Thunberg: “this isn’t how democracy is supposed to work”
Transition to ecological farming frozen, say NGOs
The EU has voted through hundreds of billions of Euros in public subsidies for intensive agriculture.
Agriculture ministers in Luxembourg and the European Parliament in Brussels agreed that at least two thirds of the EU’s farm policy (CAP) will go to farmers with little or no environmental conditions and tens of billions in public funds will go to the largest one percent of landowners.
The European Environmental Bureau (EEB) is the largest network of environmental organisations in Europe.
Protests outside the European Parliament on Monday
EEB senior agriculture policy officer Doctor Bérénice Dupeux said:
“Today is a dark day for the environment, for long-term sensible farming and, frankly, the future of our species. Farming is one of the greatest forces trashing the planet. We are feeling that heat, and yet the EU just voted to pour flames on the fire. The CAP should be a major force for good, but is being powerfully misdirected. Whatever transition to ecological farming was promised in the EU Green Deal is now on hold.”
“In the midst of a climate and ecological emergency the EU is about to lock nearly €400 billion into a new agricultural policy, completely ignoring climate and biodiversity. And no-one even reports about it!? Even a child knows this isn’t how democracy is supposed to work.”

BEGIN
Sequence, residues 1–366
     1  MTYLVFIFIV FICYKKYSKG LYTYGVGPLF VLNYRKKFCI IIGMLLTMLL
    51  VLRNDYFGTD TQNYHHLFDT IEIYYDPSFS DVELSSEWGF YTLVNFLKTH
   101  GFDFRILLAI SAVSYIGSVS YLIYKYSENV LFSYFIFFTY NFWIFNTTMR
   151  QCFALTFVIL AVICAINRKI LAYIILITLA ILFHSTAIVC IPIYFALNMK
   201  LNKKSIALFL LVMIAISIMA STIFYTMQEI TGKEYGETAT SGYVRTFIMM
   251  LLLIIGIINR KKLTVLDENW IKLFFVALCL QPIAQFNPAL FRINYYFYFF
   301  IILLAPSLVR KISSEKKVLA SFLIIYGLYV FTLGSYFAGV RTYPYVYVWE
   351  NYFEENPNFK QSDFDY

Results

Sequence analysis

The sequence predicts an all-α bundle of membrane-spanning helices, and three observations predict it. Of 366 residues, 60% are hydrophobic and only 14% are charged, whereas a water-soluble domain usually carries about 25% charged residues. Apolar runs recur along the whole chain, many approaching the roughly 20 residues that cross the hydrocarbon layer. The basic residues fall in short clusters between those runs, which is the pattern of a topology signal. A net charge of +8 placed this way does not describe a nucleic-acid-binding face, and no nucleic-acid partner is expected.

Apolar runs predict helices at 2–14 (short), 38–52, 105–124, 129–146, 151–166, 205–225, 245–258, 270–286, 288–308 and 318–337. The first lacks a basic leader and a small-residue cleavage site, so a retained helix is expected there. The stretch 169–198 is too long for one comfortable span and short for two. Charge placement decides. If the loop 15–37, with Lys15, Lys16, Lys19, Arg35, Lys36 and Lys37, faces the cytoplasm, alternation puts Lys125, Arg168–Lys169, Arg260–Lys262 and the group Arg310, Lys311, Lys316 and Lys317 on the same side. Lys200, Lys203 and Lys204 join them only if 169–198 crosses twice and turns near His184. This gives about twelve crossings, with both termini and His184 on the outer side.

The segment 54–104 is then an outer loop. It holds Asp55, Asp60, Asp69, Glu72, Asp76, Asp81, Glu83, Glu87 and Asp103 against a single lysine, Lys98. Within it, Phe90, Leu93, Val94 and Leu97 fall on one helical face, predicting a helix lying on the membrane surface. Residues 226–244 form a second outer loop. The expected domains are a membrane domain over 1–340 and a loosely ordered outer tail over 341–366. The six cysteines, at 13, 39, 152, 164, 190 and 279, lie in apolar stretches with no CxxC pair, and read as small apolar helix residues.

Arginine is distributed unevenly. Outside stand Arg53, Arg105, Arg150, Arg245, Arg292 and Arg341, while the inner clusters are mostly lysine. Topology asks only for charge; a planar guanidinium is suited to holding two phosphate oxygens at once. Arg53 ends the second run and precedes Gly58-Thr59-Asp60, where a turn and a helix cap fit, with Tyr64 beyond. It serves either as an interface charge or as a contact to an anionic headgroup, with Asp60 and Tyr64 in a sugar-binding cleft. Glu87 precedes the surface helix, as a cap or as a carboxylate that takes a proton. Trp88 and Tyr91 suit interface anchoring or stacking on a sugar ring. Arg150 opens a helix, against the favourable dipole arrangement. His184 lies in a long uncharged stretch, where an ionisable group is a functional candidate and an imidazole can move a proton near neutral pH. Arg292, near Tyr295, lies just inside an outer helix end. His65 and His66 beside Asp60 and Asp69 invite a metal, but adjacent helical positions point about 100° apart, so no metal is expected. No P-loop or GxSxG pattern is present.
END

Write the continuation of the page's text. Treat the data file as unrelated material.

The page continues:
“Europe has talked tough on climate and made a big deal of its Green Deal. These two goals will go nowhere without a transformative EU farm policy. We are now calling on the European Commission to withdraw this disastrous CAP and retable something substantially better.”
On Monday, a report for the European Environment Agency found Europe’s nature in “serious, continuing decline,” with farming “the most common pressure.”
Ministers agreed that 20% of income support payments to farmers should go through the flagship environmental element of the CAP, called ‘Eco-Schemes’. EP agreed on 30% figures. But both institutions introduced potentially contradictory economic goals, likely to gain the lion’s share of funding and make a mockery of the fund’s name. NGOs suggested 50 percent with strict environmental goals.
Ministers and Parliament both weakened conditions for CAP payments. This could, for example, mean farmers are paid to destroy wetlands wildlife havens into farmland, unleashing climate emissions.